Leaders laud the fallen of WWI, 100 years later
PARIS — Traveling from across the world to monuments honoring soldiers who fell 100 years ago, victors and vanquished alike marked those sacrifices Saturday ahead of Armistice Day and assessed alliances that have been redrawn dramatically since the dark days of World War I.
The leaders of former enemies France and Germany, in an intimate gesture that underscored their countries’ current roles as guarantors of peace in Europe, held their heads together at the site north of Paris where the defeated Germans and the Allies signed the agreement that ended the 1914-18 war.
After Chancellor Angela Merkel briefly snuggled her head into the neck of French President Emmanuel Macron, the two went inside a replica of the train car where the armistice was reached and put their names in a guestbook.
Macron then took Merkel’s hand in his, again highlighting the changes on the continent where two world wars were fought in the 20th century.
“Our Europe has been at peace for 73 years. There is no precedent for it, and it is at peace because we willed it and, first and foremost, because Ger-
many and France wanted it,” he said.
Merkel was equally convinced of the power their friendship exudes.
“The will is there, and I say this for Germany with full conviction, to do everything to achieve a more peaceful order in the world even though we know we have very, very much work still ahead of us,” she said.
The open show of affection was a welcome antidote for Macron. Earlier Saturday, the French leader had a somewhat awkward meeting with his American counterpart. As Air Force One landed in Paris on Friday night, President Donald Trump wrote on Twitter he had been insulted by comments Macron made that he considered anti-American.
Macron said last week that Europe needed to protect itself against “China, Russia and even the United States” in terms of cyberspace. Later, Macron reiterated that Europe needs to build up its own military because it can no longer depend on the U.S. for defense.
Trump tweeted in response that Macron’s words were “very insulting” to the U.S. and suggested that “Europe should first pay its fair share of NATO.” Macron’s office said Trump had misunderstood his remarks and on Saturday the two men appeared to take pains to display their friendship.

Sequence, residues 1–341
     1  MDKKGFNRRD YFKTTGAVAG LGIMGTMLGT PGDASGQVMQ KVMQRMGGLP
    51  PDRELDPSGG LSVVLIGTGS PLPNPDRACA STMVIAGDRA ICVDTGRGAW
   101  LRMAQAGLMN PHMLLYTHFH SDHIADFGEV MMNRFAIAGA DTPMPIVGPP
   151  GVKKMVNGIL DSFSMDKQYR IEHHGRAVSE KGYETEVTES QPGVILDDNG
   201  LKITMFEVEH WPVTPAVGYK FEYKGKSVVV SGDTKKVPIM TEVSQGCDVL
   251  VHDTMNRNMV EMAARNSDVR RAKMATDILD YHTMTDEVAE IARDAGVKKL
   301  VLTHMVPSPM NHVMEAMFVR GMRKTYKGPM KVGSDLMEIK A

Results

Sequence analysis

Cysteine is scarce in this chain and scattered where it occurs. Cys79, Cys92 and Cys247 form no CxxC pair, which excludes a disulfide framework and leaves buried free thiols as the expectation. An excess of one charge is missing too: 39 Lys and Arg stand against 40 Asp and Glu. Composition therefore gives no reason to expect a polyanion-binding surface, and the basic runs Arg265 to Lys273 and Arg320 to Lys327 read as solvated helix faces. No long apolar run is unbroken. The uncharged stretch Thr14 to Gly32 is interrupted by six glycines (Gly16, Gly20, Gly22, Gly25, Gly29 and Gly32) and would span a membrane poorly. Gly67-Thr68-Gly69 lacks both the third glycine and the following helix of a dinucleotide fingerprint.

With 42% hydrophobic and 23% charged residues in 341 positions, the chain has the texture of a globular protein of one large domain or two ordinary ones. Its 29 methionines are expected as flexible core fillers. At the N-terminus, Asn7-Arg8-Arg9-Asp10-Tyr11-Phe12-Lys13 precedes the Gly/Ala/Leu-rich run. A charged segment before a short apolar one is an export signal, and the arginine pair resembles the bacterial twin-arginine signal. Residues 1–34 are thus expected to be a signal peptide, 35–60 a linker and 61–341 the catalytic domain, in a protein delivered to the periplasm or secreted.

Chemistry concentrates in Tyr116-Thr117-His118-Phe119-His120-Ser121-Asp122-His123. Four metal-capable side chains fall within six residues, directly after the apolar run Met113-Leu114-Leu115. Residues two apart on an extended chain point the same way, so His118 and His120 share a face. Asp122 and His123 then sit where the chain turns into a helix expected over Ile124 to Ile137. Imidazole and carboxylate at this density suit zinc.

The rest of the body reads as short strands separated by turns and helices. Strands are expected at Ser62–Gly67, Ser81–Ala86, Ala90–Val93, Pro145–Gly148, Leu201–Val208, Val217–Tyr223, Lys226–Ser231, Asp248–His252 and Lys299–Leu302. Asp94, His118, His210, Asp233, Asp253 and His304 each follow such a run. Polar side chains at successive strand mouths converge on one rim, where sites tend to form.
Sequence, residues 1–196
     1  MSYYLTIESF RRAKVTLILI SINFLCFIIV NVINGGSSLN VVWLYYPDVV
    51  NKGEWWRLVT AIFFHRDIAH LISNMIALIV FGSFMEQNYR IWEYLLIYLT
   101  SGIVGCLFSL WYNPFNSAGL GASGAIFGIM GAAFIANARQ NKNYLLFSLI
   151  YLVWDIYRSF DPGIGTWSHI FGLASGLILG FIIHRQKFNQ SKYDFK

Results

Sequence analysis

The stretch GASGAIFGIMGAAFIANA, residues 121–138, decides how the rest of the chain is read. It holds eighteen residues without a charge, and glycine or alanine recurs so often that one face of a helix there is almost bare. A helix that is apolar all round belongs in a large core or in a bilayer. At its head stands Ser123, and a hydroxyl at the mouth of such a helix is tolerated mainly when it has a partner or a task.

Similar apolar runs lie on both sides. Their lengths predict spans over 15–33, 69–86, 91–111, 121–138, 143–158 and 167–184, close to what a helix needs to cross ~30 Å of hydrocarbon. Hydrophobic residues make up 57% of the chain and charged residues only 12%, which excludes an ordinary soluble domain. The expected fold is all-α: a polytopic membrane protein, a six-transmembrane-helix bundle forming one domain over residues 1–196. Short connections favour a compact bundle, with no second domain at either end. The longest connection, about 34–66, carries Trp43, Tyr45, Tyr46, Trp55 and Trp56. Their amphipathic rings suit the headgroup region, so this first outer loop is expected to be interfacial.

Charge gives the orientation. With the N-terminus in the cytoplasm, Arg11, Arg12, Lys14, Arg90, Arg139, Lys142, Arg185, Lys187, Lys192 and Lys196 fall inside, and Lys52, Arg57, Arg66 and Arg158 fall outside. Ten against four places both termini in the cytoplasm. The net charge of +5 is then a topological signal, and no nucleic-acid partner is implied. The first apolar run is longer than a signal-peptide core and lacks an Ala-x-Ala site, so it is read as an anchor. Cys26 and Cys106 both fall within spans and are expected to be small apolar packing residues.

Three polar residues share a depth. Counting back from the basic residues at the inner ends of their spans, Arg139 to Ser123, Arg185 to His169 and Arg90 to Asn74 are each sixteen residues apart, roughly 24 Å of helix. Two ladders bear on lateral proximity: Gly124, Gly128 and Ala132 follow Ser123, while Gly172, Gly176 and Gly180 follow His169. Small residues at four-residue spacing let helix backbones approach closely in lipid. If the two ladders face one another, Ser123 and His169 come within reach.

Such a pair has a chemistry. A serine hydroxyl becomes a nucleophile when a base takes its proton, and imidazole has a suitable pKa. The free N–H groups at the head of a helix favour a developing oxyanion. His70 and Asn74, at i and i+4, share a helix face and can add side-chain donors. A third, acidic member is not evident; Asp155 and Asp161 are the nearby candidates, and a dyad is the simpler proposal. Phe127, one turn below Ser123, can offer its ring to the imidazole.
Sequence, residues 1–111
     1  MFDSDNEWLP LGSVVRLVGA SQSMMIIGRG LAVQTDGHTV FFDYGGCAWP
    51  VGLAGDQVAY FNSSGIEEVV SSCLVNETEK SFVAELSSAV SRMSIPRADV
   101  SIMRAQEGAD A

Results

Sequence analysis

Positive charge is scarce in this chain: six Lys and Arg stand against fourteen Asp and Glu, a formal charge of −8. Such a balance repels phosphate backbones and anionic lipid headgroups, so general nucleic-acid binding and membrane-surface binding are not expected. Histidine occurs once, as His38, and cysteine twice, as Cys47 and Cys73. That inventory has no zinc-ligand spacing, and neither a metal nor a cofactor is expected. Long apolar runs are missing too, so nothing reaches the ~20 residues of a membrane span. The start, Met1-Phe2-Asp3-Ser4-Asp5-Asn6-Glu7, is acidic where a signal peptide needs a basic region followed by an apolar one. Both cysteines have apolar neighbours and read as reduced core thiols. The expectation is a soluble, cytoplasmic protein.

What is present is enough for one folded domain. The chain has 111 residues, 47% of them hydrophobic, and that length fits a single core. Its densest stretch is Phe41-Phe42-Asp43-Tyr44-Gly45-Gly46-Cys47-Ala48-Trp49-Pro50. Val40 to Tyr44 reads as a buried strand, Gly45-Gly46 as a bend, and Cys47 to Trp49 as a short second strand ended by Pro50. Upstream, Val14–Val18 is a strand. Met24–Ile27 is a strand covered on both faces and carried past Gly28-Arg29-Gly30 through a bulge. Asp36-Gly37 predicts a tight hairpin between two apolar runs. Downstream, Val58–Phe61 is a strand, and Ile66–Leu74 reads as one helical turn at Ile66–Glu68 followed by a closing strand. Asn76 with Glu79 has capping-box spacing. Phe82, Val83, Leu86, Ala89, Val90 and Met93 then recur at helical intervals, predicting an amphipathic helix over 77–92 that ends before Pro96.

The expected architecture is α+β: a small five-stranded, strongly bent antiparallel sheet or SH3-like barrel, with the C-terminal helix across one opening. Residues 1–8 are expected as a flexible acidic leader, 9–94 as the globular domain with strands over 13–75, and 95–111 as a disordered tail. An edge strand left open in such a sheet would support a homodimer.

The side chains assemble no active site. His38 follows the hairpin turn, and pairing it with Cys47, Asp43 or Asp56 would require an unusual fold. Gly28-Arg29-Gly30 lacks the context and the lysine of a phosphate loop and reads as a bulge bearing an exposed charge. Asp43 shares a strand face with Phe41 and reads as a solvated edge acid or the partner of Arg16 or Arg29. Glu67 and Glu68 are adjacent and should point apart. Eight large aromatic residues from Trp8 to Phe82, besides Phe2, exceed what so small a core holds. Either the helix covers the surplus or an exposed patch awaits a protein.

French officials later said the Trump administration had agreed to consult with NATO partners on its plan to pull out of an arms control treaty with Russia.
Trump himself was to visit a cemetery Saturday, but the White House canceled the trip because of bad weather, which grounded the helicopter that was to fly him to Belleau, about a two-hour drive east of Paris. The White House sent a delegation that included chief of staff John Kelly in his place, but the cancellation drew bipartisan criticism back home.
David Frum, once a speechwriter for President George W. Bush, tweeted it was “incredible” that a president would travel to France for a WWI ceremony and not pay respects to the U.S. servicemen who died there.
Ben Rhodes, a deputy national security adviser in the Obama administration, said the White House should have had a fallback plan for the president.
“There is always a rain option. Always,” Rhodes said.
Trump is to visit a different cemetery Sunday.
In the four years of fighting of World War I, remembered for brutal trench warfare and the first use of gas, France, the British empire, Russia and the U.S. had the main armies opposing a German-led coalition that also included the AustroHungarian and Ottoman empires.
Almost 10 million soldiers died.
Yet, despite a war that was supposed to end all wars, World War II pitted both sides against each other once again in 1940.
Across the line that once marked the Western Front, leaders lauded the courage of soldiers who were killed during the unprecedented slaughter, before converging on Paris for a dinner.
The armistice entered into force on the 11th hour of the 11th day of the 11th month of 1918. On Sunday, 69 world leaders will commemorate the centennial of the armistice that ended the war at the Tomb of the Unknown Soldier, underneath the Arc de Triomphe in central Paris.